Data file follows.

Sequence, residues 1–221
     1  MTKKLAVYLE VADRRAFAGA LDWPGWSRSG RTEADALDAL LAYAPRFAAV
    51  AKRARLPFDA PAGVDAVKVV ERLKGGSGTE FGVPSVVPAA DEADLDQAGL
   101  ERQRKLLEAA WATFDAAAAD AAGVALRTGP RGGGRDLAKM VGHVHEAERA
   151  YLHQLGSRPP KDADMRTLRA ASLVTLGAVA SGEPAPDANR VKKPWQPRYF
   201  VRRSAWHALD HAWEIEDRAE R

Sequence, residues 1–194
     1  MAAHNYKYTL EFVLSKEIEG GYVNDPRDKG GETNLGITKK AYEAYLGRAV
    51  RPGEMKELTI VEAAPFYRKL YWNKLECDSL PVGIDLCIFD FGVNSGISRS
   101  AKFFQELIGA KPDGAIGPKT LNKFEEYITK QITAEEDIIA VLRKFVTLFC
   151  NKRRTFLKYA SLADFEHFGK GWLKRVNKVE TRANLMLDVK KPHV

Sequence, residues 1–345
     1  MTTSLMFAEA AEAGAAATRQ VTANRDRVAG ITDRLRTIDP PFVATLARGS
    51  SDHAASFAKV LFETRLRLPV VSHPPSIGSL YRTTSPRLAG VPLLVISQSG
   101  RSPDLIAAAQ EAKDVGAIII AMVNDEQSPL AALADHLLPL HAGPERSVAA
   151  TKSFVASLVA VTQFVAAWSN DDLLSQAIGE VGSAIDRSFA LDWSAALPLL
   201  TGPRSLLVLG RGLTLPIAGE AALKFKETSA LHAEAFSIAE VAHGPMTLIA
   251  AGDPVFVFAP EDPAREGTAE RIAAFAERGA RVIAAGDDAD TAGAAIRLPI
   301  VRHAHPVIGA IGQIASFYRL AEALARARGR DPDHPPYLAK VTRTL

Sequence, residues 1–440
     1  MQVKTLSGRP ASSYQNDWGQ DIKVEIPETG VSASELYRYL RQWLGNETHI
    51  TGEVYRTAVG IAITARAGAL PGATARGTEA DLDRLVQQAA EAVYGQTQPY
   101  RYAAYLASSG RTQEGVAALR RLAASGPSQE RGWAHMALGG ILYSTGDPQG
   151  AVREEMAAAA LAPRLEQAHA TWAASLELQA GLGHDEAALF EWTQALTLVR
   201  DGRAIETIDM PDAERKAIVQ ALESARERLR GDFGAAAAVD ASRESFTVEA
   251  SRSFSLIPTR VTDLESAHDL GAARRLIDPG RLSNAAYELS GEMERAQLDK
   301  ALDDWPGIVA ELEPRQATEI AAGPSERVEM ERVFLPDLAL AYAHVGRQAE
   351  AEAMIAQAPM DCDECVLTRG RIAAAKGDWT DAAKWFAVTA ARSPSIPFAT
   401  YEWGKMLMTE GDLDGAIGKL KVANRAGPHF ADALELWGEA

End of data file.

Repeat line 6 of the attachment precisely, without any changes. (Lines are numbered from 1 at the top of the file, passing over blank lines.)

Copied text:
   201  VRRSAWHALD HAWEIEDRAE R